Surprise! Your Mouth Blemishes Might Not Be Cold Sores, After All
If you see some blemishes on your mouth in the mirror, then you’d most likely conclude that you have cold sores. In fact, this is what many people think as soon as they feel that annoying pain from these ugly, nasty sores.
Here’s some possible good news: those mouth blemishes might not be cold sores. Instead, they might be a sign you are suffering from angular cheilitis. What’s the difference between these conditions, though, and what do you need to know in order to stay safe? Keep reading to discover the answers!
What are cold sores?
Cold sores are a viral infection that also goes by the name “fever blisters.” The second name might be more appropriate given that these sores manifest as blisters filled with fluid. They may appear on their own, but they more commonly appear grouped in patches on your face.
These sores can be annoying enough when they first appear, but it doesn’t take too long for the blisters to pop (with or without you scratching at them). This releases the fluid and causes scabs, but you can take some “cold” comfort from the fact that the sores usually heal on their own within three weeks and don’t leave any scars.
What could my blemish be if it isn’t a cold sore?
Now you know what cold sores are. But if your mouth blemishes aren’t actually cold sores, then what the heck could they be? The answer is, ironically, something of a mouthful: angular cheilitis. This is a condition that may start out a bit like cold sores, but there are some important differences.
For example, angular cheilitis typically includes your skin cracking, blistering, and even bleeding from the corners of your mouth. This never happens with cold sores, so if you’re experiencing one or more of these effects, then it’s clear that your own mouth blemish is most likely angular cheilitis instead of a cold sore.
What causes angular cheilitis?
As we noted before, cold sores are actually caused by a virus, making them easy to pass from one person to another. Angular cheilitis, however, is not viral at all. Instead, it is simply caused when there is enough excess dryness in the area where your lips join together.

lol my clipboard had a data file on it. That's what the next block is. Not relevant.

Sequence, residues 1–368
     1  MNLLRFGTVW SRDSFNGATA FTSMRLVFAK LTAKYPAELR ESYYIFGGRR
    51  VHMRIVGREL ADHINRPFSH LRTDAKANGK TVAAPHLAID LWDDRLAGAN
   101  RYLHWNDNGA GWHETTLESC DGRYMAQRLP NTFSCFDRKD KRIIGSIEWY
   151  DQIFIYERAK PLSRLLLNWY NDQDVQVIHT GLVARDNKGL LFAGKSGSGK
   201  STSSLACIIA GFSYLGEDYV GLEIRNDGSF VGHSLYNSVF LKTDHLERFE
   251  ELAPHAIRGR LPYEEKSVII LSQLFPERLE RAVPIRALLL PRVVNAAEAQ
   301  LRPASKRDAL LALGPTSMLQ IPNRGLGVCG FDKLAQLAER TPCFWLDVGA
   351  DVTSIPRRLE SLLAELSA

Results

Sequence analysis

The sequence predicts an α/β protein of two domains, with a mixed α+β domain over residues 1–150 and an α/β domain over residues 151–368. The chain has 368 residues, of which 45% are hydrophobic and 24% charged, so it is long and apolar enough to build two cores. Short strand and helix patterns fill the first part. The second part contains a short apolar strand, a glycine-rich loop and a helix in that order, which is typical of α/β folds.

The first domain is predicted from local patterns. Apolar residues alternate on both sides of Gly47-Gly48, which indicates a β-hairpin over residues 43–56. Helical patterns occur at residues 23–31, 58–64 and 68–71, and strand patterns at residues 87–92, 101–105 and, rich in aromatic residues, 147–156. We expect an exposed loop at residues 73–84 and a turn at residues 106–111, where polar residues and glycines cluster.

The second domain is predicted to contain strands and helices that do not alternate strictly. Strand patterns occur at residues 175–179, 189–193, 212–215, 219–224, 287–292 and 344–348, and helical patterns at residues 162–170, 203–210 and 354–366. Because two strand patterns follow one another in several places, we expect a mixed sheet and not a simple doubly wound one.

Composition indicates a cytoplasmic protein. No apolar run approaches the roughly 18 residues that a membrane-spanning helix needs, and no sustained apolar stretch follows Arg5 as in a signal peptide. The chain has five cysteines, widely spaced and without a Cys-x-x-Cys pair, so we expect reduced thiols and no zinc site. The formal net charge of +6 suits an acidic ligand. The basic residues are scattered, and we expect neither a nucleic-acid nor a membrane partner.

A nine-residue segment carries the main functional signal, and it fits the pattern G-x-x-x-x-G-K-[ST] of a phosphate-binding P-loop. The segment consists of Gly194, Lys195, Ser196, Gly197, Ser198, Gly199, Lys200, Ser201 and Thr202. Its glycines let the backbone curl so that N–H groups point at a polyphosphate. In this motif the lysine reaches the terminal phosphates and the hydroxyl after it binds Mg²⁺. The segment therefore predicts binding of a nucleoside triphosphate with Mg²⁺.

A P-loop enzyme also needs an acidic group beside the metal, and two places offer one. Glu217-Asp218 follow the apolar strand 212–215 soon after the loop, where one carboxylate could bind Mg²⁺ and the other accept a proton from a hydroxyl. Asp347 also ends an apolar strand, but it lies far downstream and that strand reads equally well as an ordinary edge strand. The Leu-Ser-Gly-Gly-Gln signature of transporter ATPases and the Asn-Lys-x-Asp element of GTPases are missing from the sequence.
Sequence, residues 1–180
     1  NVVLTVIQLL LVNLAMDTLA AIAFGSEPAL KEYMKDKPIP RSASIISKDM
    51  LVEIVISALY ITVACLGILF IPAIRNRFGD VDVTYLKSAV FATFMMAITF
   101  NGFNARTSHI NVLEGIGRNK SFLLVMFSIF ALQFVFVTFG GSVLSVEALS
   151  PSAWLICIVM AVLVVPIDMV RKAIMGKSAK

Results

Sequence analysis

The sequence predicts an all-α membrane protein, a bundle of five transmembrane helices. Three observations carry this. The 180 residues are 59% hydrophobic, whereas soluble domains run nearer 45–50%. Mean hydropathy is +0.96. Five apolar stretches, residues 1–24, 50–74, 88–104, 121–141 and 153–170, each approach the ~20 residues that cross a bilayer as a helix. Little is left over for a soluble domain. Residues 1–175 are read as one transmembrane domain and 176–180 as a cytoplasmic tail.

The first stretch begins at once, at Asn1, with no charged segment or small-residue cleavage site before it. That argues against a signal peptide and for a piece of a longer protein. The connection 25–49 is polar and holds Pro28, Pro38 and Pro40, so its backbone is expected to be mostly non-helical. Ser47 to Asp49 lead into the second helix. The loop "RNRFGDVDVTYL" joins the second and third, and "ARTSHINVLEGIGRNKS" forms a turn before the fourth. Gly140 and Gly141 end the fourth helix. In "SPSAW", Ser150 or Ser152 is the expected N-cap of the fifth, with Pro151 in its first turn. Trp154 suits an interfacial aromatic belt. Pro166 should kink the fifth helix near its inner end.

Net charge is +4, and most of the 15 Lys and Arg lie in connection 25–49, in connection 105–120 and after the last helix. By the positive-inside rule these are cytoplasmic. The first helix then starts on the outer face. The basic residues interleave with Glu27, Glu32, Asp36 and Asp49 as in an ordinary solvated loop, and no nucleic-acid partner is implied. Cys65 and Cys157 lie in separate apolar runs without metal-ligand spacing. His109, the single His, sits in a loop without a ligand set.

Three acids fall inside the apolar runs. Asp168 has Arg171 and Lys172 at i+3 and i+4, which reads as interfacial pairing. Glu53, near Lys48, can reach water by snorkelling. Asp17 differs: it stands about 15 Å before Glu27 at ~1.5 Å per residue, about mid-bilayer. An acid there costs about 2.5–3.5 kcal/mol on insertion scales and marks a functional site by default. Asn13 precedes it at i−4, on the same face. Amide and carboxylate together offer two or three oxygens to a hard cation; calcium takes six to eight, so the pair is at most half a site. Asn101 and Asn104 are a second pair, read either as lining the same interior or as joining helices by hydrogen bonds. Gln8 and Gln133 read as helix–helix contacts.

In addition to having very different causes, your body’s internal warning signals that you have angular cheilitis are different than the signals that you are suffering from cold sores. For example, the first sensation that usually warns a person they have cold sores is a kind of intense tingling sensation that manifests shortly before the appearance of the sores. By contrast, the first warning sensation that you have angular cheilitis is that you will feel a small irritation at the corners of your mouth that ends up getting more intensely painful over time.
Who is likelier to develop angular cheilitis?
Like cold sores, it’s possible for everyone to develop angular cheilitis. However, some people are more likely to develop this condition than others. Who, then, should be particularly careful about this painful mouth malady?
Those with Down syndrome are likelier to get angular cheilitis, as are those who have very prominent lines around their mouths. Those who get dry lips or who have more sensitive skin are likelier to get angular cheilitis. In some cases, those with dentures or who rely on certain oral medications are likelier to develop the condition.
Finally, there are certain other habits that increase your risk. These habits range from smoking to having poor nutrition all the way to losing too much weight in too short a time!
Is angular cheilitis contagious?
One of the reasons it’s embarrassing to get cold sores is that they are highly contagious. Accidentally kissing your partner, for example, could spread the viral infection to them. In some extreme cases, even the close proximity of something like a tightly packed elevator could lead to someone getting infected.
Compared to that, we’ve got some major good news when it comes to angular cheilitis: it’s not at all contagious. You have no chance of spreading it to other people, but if you want to keep it from happening to you (or happening to you again), then it’s important to know how to prevent and treat angular cheilitis.
How can I treat angular cheilitis?
Obviously, the single best way to treat angular cheilitis is to ask your personal physician about potential treatment options. Your doctor will be able to definitively diagnose you, and if there are other factors in play (such as bacteria or fungus), he will be able to prescribe something that will take care of everything.
As for preventing angular cheilitis, it’s best to stay hydrated and to make sure your diet includes enough Vitamin B. For smokers, cutting back or quitting altogether can severely reduce your risks. Finally, avoid exfoliating your face too much…scrubbing too often and too intensely may cause a painful bout of angular cheilitis you will never forget!